TK: I often tell my students that I could teach almost any course in business school based on my experience at Affymetrix. I learned so many things that you can’t learn in class from the experience from being in a high-growth company with an incredibly innovative disruptive technology. I started as an intern there writing a private placement memorandum for investors. I had no idea what that was while I was doing it, but I learned through the process what we were doing, who owns what in the company, and what the motivation was. I learned about how to capitalize and finance companies in the process of doing that.


I was project manager and it was a phenomenal experience learning how to lead by influence rather than authority. That’s one of the biggest lessons of my life: that you’re much more effective in influencing people towards common goals rather than telling them what to do. Most people don’t like to be told what to do, and a lot of defensive mechanisms come up.


I was part of the IPO, set up the business in China and Japan. Based on some of the ethical issues that came up regarding the use of a chip that could look at the entire human genome, we formed an ethics advisory committee that I led. That led us to ask some profound questions about who is responsible for the use of genetic information.


GC: How did you end up founding multiple biotech companies?


TK: I left Affymetrix in 2007, and my plan was to take a year off. Then a funny thing happened. I got a call from a partner at Kleiner Perkins, which is one of the best-known venture capitalist firms in the world. They said they had found an interesting technology and asked if I would come in to have a conversation about it.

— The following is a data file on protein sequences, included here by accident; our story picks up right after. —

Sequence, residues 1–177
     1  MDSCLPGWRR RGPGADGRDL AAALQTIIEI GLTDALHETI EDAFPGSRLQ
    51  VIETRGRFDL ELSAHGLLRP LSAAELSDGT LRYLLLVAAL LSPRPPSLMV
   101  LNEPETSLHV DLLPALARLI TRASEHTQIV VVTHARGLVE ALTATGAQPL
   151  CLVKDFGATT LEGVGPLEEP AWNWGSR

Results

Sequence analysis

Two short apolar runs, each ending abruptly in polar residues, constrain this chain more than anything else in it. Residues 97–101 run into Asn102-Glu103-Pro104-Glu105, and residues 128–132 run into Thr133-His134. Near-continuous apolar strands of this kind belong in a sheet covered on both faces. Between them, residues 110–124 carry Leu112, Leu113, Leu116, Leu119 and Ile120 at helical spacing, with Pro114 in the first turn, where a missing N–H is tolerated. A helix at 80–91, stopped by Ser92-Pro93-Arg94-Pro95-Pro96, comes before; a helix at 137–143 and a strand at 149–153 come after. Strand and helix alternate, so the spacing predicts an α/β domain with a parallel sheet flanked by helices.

I went in for what was supposed to be a 45-minute conversation, and we ended up white boarding three different strategies for commercializing this new technology called induced pluripotent stem cells, where you basically take a skin cell and reprogram it to behave like an embryonic stem cell without using an embryo. So, there’s no ethics issues, you’re not using human embryos. In our imaginations, the idea was that you could take these cells and regenerate any organ for someone, and you wouldn’t have any rejection because you were using your own cells.


I was consulting with them for a few months, and right around the holiday season, they asked me to be startup CEO. I had never done that before, but I came on board, licensed the intellectual property out of Japan. One of the inventors got a Nobel Prize a few years later. As we started understanding what the VC’s wanted in terms of financial returns and in what time period, it became clear that it was going to take 15 or 20 years, and that horizon was outside of reasonable venture return expectations. We honed in on the best use of the technology as a platform for pharmaceutical drug discovery which wasn’t my background.


Around the same time, I was talking to a former customer who was a pediatric neuro-oncologist, talk about a hard job when 80% of your patients die, and they’re all children. But he’s phenomenal at it, and he had come up with the technology for testing whether a cancer drug would work for a patient’s tumor. So, we decided to start a company out of that.